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Use Cases for Policy Interoperability

From: SULLIVAN, BRYAN L (ATTCINW) <BS3131@att.com>
Date: Tue, 3 Nov 2009 08:38:50 -0800
Message-ID: <8080D5B5C113E940BA8A461A91BFFFCD0FA1E9C4@BD01MSXMB015.US.Cingular.Net>
To: "Device APIs and Policy Working Group WG" <public-device-apis@w3.org>
1) A diversity of devices: Typical mobile service providers resell
mobile phones as part of services. In their stores, at one time they can
have about 50 device models from about 15 vendors. Consumers have come
to expect such a diversity of devices, as mobile phones are as much
lifestyle devices as communication tools. In a normal year, a mobile
service provider can introduce as many as 100 new devices for customers,
which means over the lifetime of devices the service provider can easily
be serving users of several hundred device models at one time. On those
devices there can be more than one browser or web runtime environment,
especially in smartphones. This incredible diversity of devices and web
runtime environments means that in order to have a consistent set of
security capabilities across the devices, there must be a consistent
language for policy definition that all the devices can use. This need
is no less significant than the need for a consistent definition of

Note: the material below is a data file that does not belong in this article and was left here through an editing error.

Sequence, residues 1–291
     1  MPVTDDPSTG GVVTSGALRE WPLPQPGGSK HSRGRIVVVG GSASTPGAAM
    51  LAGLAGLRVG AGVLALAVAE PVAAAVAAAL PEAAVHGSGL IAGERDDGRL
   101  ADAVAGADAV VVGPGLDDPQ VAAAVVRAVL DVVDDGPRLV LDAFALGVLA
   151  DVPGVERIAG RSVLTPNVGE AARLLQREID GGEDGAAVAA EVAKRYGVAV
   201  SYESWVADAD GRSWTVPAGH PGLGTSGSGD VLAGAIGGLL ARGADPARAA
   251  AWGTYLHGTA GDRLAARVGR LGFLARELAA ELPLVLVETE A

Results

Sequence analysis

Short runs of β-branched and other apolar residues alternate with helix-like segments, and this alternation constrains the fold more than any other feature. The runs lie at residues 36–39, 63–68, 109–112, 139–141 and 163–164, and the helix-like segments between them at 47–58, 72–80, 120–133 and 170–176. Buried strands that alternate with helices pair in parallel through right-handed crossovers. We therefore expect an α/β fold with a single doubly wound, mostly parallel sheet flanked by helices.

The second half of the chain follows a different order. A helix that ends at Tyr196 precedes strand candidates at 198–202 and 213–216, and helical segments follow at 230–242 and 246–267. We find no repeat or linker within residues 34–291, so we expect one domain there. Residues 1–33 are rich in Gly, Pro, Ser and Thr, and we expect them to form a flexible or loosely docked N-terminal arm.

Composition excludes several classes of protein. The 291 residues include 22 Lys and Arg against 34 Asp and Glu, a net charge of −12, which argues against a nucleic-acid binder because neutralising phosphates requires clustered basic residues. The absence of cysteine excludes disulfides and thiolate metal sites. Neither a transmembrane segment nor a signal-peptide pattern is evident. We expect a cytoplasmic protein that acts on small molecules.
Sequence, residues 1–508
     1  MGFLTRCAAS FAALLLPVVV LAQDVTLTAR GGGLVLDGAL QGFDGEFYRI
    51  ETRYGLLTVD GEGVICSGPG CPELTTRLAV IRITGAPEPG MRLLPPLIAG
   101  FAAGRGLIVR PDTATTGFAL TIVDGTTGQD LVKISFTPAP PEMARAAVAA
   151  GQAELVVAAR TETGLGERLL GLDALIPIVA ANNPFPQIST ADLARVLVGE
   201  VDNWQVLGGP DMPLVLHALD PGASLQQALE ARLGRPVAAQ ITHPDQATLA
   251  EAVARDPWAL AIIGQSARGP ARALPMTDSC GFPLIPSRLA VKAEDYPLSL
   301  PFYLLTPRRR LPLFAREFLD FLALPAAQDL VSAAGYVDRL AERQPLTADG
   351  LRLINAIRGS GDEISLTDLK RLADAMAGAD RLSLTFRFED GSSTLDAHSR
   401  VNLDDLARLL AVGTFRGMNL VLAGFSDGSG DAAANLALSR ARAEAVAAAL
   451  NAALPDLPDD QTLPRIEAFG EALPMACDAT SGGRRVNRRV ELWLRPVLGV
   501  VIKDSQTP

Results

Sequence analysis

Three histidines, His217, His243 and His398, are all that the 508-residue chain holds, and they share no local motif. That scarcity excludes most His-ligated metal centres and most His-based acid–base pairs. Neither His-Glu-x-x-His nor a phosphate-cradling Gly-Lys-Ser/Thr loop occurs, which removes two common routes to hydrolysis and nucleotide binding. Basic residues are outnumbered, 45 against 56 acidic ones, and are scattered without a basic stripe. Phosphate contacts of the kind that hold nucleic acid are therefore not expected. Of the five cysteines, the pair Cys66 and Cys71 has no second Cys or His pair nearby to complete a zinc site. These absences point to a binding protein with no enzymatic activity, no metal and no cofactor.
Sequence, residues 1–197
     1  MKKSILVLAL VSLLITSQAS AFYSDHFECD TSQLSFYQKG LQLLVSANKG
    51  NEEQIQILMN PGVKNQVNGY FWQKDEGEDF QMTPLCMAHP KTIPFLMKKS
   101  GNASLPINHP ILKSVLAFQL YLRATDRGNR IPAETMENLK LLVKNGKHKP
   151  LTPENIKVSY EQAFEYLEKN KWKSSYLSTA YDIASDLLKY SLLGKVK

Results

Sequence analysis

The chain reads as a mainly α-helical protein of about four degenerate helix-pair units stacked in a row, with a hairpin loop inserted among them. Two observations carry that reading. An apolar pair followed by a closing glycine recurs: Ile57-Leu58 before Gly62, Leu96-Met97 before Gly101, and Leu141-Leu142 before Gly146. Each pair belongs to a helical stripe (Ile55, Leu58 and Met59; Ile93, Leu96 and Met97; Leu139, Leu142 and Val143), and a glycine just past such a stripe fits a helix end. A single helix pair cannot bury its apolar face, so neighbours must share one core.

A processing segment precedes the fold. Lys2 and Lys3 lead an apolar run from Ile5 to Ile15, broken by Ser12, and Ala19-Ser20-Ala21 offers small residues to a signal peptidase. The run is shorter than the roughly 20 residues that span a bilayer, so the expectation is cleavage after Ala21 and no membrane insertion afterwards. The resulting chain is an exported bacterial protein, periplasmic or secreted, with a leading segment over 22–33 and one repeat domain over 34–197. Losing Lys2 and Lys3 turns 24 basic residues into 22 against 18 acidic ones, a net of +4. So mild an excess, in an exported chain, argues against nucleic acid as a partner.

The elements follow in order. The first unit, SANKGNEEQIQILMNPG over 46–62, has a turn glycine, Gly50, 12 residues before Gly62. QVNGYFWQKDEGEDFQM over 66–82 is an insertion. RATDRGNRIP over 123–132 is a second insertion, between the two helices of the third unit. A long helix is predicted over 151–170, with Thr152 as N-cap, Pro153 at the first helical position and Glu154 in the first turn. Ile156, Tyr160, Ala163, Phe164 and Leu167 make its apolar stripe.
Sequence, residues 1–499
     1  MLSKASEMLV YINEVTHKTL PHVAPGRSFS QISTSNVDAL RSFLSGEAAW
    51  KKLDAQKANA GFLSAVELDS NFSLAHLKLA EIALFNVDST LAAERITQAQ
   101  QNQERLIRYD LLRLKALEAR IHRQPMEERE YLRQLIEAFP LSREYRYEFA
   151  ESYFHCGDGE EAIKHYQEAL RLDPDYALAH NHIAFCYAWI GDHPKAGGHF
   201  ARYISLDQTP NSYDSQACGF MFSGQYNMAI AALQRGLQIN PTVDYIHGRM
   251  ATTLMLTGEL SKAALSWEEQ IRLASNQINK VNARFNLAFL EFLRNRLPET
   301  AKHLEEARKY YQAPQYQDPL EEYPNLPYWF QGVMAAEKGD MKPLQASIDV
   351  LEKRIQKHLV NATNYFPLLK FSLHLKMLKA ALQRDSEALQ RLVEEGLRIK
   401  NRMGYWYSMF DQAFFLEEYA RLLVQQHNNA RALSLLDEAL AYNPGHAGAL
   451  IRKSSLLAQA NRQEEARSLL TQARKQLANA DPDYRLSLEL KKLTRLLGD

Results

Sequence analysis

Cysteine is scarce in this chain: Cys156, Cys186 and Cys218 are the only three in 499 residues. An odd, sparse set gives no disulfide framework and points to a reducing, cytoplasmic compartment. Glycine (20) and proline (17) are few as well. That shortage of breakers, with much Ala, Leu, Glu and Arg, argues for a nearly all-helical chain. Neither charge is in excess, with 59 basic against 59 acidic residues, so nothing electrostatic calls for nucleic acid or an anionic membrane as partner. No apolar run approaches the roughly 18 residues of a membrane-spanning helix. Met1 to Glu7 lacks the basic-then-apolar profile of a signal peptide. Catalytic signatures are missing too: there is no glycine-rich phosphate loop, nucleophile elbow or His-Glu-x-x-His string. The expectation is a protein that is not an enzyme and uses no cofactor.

markup language or any other semantic media that a wide diversity of
devices are expected to use.

2) Users of multiple devices: A user with multiple devices will expect
their security preferences to be consistent (or to at least have the
option of consistency) across those devices. Rather than have to
manually configure the preferences on each device, users should be able
to rely upon a seamless security experience across devices, e.g. by
switching SIM card between devices and as a result automatically
applying a policy resident on the SIM card or synchronizing with a
network-based policy management system.

3) Typical lifecycle of security experience:
a) A device is developed with a pre-installed WRT with a default policy.
The policy is either defined by the OEM or the device reseller.
b) The device is sold, and the user customizes the security policy using
the WRT UI, upon first use of some pre-installed widgets.
c) As a subscriber to a particular service, the security policy is
further customized by a policy management service supporting seamless
"n-screen/device" user experience. The customization includes the
delivery of signed security policies that are installed by the WRT.
d) The user installs a new widget, and customizes the security policy
(as before) for the new widget. Installation of the widget may be
accompanied by installation of a signed security policy governing
widgets published by the developer (or the developer's organization). As
a result, the organization is given management responsibility for
policies applicable to their widgets.

Best regards,
Bryan Sullivan | AT&T
Received on Tuesday, 3 November 2009 16:39:32 GMT

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